Don’t Buy This Jacket.
Outdoor athletes – the real high achievers, in particular – understand Patagonia’s tagline. And Patagonia’s tagline clearly shows that they understand their core market to a remarkable degree. That’s nice, for a change.
Outdoor enthusiasts do things that the rest of us don’t. They spend time on mountains. In winter. On purpose. They run in lousy weather and do it for longer distances than the rest of us would under any condition. They train for events with names like “The Canadian Death Race” that make everyday triathlon competitions look pale. They’re different.
They’re different people, too. Where your Under Armour athlete plays team sports and is highly competitive to the point of trying to beat you to the coffee machine, the outdoor athlete is more cooperative. More than racing the clock, or a competitor, they’re trying to best themselves. And the connection to the great outdoors overrides all. They want to leave a lighter footprint on the earth and respond to others who feel the same way.
Which brings us back to Patagonia. Don’t Buy This Jacket – unless you’re looking to buy fewer, better things; unless you understand that paying more for something of great value means it will last longer, perform at a higher level and inspire other similar minded people to do the same.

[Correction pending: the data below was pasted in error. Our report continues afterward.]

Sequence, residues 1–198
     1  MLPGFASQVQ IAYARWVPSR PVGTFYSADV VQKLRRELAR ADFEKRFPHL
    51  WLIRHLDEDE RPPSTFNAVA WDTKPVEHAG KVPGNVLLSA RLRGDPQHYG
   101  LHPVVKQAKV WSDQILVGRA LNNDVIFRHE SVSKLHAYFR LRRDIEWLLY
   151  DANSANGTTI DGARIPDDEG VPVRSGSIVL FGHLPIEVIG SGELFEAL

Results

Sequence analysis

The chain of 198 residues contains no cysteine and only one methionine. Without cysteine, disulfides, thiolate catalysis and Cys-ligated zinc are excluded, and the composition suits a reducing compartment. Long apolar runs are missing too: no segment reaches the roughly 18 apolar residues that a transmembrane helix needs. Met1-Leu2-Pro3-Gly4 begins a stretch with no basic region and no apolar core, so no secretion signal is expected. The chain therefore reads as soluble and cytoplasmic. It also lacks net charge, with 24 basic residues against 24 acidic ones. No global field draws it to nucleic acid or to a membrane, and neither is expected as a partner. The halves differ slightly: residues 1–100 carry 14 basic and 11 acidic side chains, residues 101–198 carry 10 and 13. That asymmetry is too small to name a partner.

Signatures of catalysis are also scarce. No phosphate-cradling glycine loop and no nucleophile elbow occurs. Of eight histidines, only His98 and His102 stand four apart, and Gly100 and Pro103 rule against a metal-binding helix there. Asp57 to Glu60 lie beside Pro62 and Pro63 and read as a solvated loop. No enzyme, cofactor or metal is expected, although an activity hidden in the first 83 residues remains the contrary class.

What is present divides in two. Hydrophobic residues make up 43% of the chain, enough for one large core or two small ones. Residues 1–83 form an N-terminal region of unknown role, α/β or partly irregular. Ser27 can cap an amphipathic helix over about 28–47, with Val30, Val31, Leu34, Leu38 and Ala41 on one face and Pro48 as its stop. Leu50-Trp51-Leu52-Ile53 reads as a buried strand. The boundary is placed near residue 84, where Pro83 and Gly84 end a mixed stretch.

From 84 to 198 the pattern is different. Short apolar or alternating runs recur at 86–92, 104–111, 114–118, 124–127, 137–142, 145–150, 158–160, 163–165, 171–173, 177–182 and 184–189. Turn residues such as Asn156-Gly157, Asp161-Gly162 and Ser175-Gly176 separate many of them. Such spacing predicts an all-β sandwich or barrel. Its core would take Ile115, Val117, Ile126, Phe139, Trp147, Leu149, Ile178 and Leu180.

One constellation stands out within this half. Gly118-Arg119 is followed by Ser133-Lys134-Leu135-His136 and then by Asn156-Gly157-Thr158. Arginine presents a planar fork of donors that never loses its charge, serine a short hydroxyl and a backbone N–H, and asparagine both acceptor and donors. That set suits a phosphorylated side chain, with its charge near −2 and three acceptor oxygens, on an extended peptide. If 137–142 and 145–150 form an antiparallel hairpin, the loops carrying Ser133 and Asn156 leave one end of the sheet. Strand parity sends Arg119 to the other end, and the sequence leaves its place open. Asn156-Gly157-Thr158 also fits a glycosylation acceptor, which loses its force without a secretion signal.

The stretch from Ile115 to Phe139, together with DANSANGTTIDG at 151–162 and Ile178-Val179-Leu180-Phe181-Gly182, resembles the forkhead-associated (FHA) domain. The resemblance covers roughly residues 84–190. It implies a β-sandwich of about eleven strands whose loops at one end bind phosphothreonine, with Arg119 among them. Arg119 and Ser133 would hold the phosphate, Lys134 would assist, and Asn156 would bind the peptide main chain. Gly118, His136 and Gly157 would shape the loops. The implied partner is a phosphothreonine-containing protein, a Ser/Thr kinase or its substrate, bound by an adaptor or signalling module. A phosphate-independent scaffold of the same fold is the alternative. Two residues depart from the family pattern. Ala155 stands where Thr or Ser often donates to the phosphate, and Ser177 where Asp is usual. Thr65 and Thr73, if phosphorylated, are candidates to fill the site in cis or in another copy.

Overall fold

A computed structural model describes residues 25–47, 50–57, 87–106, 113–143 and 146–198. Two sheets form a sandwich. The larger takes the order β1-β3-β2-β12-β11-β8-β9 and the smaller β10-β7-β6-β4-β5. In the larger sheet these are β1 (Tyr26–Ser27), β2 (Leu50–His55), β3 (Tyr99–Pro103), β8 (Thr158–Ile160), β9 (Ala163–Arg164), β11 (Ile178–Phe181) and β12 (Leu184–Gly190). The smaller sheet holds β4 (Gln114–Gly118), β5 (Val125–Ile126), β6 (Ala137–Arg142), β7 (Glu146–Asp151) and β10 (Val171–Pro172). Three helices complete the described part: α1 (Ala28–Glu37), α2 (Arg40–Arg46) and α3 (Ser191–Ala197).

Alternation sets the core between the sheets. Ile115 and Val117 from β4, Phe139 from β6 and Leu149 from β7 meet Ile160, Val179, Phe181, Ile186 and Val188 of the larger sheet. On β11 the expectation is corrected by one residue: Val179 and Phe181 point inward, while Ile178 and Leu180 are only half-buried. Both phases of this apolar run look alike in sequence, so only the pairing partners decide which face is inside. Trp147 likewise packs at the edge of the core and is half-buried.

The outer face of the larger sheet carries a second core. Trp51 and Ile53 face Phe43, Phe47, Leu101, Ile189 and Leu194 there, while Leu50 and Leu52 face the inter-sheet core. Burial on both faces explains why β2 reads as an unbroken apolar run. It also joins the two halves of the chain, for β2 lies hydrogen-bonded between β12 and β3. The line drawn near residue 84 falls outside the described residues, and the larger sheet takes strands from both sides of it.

Don’t buy this jacket as a fashion statement – buy it as a personal statement, an understatement that shows a commitment to earth, culture, self and a nod to smart consumerism, much the way Scott Griffith of Zipcar described the evolving nature of consumption in my interview with him (in Killing Giants: 10 Strategies to Topple the Goliath In Your Industry).
From a psychological standpoint, it’s a great example of a strategic retreat – of arguing against your own self-interests. Don’t buy this jacket says you can trust us because we’re not out to hustle you into buying something you don’t need. It hits a clever decision trigger, particularly for this group.
It’s a smart ad because it speaks to this market. I’m not suggesting it would work for another because it probably wouldn’t. But squint at the lesson and see how this decision trigger can work for you.